Dog license enforcement officers are canvassing neighborhoods throughout the region to check canines for 2014 tags. They’re empowered to levy fines as high as $300 and associated court costs for violations. Licenses are required for dogs that are at least three months old. Annual licenses cost $8.45, with a $2.00 discount for dogs that are spayed or neutered. Discounts of $2.00 per license are available for older adults and people with disabilities. Lifetime licenses are available for dogs that carry identifying microchips or tattoos. These must be purchased in-person at the County Treasurer’s Office. All license applications require owner contact details and information about the dog’s name, age, breed and color.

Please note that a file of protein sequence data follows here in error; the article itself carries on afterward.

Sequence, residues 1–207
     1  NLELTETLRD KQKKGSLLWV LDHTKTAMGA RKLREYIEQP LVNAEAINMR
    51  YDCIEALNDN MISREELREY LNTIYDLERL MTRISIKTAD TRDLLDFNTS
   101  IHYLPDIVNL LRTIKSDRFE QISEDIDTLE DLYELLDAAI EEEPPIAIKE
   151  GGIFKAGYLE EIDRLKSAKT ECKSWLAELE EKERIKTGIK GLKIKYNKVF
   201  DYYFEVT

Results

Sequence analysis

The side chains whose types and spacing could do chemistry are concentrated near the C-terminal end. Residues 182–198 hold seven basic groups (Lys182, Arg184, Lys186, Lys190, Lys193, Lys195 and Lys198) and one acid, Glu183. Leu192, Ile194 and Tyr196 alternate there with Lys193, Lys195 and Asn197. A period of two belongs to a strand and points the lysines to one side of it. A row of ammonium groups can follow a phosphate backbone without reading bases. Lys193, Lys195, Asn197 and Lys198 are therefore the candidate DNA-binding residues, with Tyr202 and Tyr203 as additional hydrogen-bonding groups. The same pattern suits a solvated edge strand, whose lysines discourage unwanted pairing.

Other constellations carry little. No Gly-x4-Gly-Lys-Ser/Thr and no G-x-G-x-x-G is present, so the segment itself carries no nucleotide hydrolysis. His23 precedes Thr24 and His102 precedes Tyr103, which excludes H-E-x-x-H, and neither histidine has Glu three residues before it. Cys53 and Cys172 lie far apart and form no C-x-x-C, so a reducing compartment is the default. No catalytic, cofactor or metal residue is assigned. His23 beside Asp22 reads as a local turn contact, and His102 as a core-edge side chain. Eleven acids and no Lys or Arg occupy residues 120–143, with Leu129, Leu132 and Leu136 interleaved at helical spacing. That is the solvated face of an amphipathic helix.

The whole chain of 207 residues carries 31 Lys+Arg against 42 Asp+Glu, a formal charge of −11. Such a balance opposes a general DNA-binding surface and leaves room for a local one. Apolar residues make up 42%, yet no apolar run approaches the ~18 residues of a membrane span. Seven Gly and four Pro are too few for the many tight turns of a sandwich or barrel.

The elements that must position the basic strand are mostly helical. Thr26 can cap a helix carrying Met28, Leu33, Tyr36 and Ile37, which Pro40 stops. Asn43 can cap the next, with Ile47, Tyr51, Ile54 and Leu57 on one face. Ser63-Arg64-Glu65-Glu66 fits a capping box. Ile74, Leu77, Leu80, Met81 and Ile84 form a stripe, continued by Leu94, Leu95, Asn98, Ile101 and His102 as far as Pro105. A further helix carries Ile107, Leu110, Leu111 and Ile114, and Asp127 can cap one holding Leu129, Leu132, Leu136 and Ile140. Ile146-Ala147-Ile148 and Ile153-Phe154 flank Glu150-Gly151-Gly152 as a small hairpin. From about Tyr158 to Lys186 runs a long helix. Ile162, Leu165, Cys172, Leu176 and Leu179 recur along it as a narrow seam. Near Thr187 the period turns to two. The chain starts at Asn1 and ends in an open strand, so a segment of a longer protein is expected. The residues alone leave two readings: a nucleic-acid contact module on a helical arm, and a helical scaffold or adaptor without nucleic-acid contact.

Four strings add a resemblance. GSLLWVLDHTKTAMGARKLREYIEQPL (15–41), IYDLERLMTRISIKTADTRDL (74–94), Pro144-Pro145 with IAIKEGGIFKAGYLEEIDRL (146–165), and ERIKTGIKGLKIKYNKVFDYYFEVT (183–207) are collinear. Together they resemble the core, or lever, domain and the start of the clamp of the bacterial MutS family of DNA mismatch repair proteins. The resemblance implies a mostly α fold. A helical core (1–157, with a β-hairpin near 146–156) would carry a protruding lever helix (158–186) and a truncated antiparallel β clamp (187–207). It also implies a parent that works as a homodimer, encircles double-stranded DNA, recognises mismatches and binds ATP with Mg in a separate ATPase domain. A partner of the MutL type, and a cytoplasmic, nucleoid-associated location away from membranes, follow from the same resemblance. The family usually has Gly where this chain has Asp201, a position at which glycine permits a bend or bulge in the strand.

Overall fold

In Potter County, licenses are available through the county’s website, pottercountypa.net (click on Departments/Treasurer’s Office), or at the Treasurer’s Office in the Gunzburger Building. Applications printed from the county’s website (pottercountypa.net) should be filled out and mailed with payment to County Treasurer, 1 N. Main St. Suite 202, Coudersport PA 16915. There is a $2.00 fee for online orders, which are usually processed within one to two working days. There are benefits to using the online service. Police agencies and dog law enforcement officers have access to the system to facilitate return of lost dogs through license numbers. The site also offers a free service through which owners of lost pets can upload a picture and information.